Rep. Donna Edwards (Maryland)

Rep. Donna Edwards coauthored a letter to fellow House members on behalf of the Congressional Black Caucus in opposition to H.R. 1459, also speaking out against the bill on the chamber floor. Her ongoing commitment to preserving irreplaceable cultural and natural landmarks has included co-sponsorship of legislation to protect Maryland’s Harriet Tubman Underground Railroad National Monument (later accomplished by President Barack Obama using the Antiquities Act). Rep. Edwards attended the ceremony marking the official establishment of that monument.

Rep. Bobby Scott (Virginia)

Rep. Bobby Scott co-authored the Congressional Black Caucus letter opposing the “Preventing New Parks” bill with Rep. Donna Edwards. In his floor speech defending the Antiquities Act, Rep. Scott touted the importance of the 1906 law in designating Virginia’s Fort Monroe National Monument. Though Rep. Scott and others had worked for years to get the landmark the protection it deserved through legislation, it ultimately languished in committee and never got a proper hearing. “Without the President's statutory authority to protect this land, it is doubtful that Fort Monroe and the history of the site would be protected as it is today,” said Scott.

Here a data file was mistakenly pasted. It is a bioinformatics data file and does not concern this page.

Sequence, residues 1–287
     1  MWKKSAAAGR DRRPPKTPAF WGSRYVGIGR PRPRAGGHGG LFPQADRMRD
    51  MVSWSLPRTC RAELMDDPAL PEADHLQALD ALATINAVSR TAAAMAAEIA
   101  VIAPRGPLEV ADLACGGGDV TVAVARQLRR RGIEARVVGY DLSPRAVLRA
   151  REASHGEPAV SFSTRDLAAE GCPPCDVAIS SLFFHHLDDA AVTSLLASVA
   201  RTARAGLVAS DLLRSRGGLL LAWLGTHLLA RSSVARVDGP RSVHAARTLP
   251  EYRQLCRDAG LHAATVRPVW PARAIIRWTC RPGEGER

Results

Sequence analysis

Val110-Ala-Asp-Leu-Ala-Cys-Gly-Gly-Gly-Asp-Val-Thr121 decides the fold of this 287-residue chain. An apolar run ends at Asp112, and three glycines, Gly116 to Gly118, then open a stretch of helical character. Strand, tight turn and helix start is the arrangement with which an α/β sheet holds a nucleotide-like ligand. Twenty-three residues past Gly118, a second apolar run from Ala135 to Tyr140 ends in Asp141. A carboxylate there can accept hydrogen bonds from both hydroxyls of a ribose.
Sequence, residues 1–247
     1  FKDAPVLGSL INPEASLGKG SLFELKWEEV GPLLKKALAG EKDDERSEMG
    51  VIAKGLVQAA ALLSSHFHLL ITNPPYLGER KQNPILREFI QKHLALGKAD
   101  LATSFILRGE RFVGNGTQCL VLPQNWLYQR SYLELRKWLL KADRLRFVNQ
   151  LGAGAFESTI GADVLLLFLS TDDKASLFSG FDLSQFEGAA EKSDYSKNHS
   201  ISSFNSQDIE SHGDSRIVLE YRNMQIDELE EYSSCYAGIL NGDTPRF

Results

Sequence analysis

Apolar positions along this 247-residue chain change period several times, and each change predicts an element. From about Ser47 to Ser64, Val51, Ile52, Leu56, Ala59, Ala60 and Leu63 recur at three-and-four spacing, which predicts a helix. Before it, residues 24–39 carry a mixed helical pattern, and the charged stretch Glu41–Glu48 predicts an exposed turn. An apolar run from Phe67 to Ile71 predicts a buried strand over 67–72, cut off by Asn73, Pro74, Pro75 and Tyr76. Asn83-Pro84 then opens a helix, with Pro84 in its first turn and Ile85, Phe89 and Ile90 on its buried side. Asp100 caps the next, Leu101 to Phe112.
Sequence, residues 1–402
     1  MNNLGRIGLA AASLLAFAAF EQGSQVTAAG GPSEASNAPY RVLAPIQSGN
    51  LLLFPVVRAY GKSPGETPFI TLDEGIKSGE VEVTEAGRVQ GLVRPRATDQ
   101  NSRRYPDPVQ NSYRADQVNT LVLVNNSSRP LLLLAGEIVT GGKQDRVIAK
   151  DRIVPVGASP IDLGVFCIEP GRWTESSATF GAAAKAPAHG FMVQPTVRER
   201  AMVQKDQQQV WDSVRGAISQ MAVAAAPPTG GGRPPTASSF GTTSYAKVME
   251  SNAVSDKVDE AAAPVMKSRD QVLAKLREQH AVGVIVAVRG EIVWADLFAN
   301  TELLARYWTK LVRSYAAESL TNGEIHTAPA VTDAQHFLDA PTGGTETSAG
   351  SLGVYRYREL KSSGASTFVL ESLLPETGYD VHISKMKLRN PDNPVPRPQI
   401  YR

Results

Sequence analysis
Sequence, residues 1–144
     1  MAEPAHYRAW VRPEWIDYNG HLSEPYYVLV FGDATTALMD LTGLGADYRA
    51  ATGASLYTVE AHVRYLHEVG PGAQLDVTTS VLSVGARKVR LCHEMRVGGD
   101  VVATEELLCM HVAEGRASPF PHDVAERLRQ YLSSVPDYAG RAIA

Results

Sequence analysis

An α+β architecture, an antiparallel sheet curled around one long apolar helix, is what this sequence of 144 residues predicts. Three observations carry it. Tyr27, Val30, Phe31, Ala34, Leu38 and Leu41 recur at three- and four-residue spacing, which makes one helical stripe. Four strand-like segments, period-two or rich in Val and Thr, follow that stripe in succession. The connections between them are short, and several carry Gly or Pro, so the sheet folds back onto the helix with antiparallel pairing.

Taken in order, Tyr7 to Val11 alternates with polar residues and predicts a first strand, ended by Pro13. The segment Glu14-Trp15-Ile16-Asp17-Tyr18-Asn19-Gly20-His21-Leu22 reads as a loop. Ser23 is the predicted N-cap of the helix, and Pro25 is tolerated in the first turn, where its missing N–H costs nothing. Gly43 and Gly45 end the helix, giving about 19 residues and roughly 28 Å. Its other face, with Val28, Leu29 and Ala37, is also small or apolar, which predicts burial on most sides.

Rep. Jared Huffman (California)

Rep. Jared Huffman sponsored legislation to add Point Arena-Stornetta Public Lands to the California Coastal National Monument, and saw his work come to fruition when President Obama made the designation a reality in March. Additionally, Rep. Huffman has co-sponsored legislation to protect the Berryessa-Snow Mountain region as a National Conservation Area. In his House floor speech defending the Antiquities Act, Rep. Huffman cited the economic importance of national monuments and other public protected areas to local communities, echoing a January op-ed he co-authored with Rep. Chris Gibson (D-NY).

Rep. Charlie Rangel (New York)